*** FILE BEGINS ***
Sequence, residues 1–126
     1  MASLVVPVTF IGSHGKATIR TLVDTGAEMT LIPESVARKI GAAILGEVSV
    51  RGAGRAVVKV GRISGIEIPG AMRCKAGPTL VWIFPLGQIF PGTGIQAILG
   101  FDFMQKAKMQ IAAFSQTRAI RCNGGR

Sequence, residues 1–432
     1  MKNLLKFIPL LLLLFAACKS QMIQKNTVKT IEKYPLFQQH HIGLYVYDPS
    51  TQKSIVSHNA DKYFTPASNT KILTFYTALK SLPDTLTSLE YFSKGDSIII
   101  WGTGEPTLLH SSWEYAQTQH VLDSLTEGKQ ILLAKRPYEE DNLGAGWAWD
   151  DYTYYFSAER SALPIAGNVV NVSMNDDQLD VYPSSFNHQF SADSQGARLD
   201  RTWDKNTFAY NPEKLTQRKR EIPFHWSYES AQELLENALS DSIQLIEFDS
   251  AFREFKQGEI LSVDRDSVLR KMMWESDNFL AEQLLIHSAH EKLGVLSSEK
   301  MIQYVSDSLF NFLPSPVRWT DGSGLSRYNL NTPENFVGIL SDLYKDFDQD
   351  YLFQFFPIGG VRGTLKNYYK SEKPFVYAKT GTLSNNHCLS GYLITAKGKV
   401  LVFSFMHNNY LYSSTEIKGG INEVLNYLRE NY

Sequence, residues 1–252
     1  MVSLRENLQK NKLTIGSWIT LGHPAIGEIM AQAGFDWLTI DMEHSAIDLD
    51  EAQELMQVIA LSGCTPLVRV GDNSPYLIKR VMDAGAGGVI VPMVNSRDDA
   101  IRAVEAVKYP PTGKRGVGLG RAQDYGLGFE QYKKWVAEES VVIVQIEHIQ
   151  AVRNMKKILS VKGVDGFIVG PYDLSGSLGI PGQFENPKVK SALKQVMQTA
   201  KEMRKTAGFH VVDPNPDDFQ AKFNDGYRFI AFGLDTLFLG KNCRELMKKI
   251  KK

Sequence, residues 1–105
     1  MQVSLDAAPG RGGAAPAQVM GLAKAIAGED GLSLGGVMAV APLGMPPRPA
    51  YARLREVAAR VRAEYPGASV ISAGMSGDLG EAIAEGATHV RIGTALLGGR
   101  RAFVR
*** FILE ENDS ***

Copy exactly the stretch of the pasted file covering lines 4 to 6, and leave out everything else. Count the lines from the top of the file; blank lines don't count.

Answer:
   101  FDFMQKAKMQ IAAFSQTRAI RCNGGR

Sequence, residues 1–432
     1  MKNLLKFIPL LLLLFAACKS QMIQKNTVKT IEKYPLFQQH HIGLYVYDPS